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DISCRETIONARY: A specific choice, act, or decision, often designed to achieve a particular goal. The term is commonly used in economics in reference to government policies, such as discretionary fiscal policy or discretionary monetary policy. In both examples, government undertakes explicit actions through changes in government spending, taxes, the money supply, or interest rates to stabilize the business cycle. Discretionary is also frequently used to modify income, spending, expenditures, or comparable terms to capture choices made over the use of income. Discretionary income, for example, is the amount of after-tax household income that can be used for either consumption spending or saving.

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STABLE EQUILIBRIUM:

Equilibrium that is restored if disrupted by an external force. Most economic models have equilibrium that is stable, reflecting the observation that the real world adapts to changes and maintains a fair degree of stability. The alternative to a stable equilibrium is an unstable equilibrium.
A stable equilibrium exists if a model or system gravitates back to equilibrium after it is shocked. The analogy is much like a marble resting at the bottom of a bowl. Should the marble be nudged a bit up one side of the bowl, it returns, eventually coming to rest at the bottom once again.

A common example of a stable equilibrium in the study of economics is a market equilibrium. Should the equilibrium be disrupted, the market returns to equilibrium.

The process works like this:

What makes this a stable equilibrium is that balance is restored automatically, through the fundamental workings of the market. In particular, the price changes in the correct direction to eliminate the shortage or surplus.
  • Shortage: A shortage arises if the market price is below the equilibrium price. The quantity demanded exceeds the quantity supplied. The shortage then prompts the price to rise. Buyers, who are unable to buy as much of the good as they want, bid the price higher. A higher price is exactly the remedy needed. The price rise causes a decrease in the quantity demanded (according to the law of demand) and an increase in the quantity supplied (according to the law of supply). Both changes in quantity act to reduce and eventually eliminate the shortage, thus restoring equilibrium.

  • Surplus: A surplus arises if the market price is above the equilibrium price. The quantity supplied exceeds the quantity demanded. The surplus then prompts the price to fall. Sellers, who are unable to sell as much of the good as they want, force the price lower. A lower price is exactly the remedy needed. The price decline causes an increase in the quantity demanded (according to the law of demand) and a decrease in the quantity supplied (according to the law of supply). Both changes in quantity act to reduce and eventually eliminate the surplus, thus restoring equilibrium.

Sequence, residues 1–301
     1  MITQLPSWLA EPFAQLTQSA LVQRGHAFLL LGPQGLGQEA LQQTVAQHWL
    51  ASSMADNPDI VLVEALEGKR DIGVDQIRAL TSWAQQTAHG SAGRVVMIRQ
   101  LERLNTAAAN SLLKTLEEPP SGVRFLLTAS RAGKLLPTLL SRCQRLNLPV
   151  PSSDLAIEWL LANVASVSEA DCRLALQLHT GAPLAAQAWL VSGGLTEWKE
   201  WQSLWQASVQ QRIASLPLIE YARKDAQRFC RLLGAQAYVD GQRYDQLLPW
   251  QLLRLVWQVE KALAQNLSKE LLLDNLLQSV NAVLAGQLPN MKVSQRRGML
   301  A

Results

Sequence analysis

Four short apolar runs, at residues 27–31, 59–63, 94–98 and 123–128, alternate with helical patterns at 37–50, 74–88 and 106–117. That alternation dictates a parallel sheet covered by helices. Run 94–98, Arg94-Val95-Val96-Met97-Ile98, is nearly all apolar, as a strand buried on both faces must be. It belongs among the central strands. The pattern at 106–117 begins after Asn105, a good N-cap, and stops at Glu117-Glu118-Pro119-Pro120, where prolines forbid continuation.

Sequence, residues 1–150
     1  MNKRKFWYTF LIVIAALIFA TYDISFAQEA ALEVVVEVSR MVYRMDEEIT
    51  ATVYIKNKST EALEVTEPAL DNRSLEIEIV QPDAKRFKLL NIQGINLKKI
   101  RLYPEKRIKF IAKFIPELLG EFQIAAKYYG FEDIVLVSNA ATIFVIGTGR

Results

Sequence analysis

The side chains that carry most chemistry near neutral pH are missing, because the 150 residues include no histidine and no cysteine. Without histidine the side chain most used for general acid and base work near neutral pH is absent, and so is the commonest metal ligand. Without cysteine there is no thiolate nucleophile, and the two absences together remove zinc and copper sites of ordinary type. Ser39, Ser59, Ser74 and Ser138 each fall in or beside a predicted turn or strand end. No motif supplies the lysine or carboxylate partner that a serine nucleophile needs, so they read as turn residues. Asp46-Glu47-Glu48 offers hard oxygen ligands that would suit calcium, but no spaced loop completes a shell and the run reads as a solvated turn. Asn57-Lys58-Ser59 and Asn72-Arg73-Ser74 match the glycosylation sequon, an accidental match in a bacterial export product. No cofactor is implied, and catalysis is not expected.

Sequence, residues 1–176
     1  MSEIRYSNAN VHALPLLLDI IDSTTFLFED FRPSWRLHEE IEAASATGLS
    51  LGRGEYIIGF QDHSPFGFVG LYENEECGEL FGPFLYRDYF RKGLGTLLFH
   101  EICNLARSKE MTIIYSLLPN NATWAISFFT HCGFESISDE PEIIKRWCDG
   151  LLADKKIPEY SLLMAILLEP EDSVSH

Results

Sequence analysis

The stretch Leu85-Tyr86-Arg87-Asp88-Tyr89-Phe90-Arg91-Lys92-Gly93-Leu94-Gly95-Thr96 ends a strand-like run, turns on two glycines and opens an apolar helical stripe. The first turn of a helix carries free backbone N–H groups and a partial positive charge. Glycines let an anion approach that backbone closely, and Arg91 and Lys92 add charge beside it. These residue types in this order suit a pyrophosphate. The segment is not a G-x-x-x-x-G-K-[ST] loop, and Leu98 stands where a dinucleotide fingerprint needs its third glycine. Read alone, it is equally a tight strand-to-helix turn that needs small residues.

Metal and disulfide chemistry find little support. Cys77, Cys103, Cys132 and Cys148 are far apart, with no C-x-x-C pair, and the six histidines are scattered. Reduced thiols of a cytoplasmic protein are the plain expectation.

The contrast to stable equilibrium is unstable equilibrium. The preceding market equilibrium is unstable if a shortage causes the price to fall, rather than rise, and a surplus causes the price to rise, rather than fall. In this case, the price movement increases the shortage or surplus, moving the market farther away from equilibrium.

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STABLE EQUILIBRIUM, AmosWEB Encyclonomic WEB*pedia, http://www.AmosWEB.com, AmosWEB LLC, 2000-2022. [Accessed: June 25, 2022].


Check Out These Related Terms...

     | unstable equilibrium | equilibrium | market equilibrium | equilibrium price | equilibrium quantity |


Or For A Little Background...

     | equilibrium | demand determinant | supply determinant | demand curve | supply curve | law of supply | law of supply | ceteris paribus |


And For Further Study...

     | comparative statics | shortage | surplus | invisible hand | self correction, market | graphical analysis, market equilibrium | market disequilibrium | invisible hand | market clearing | competitive market |


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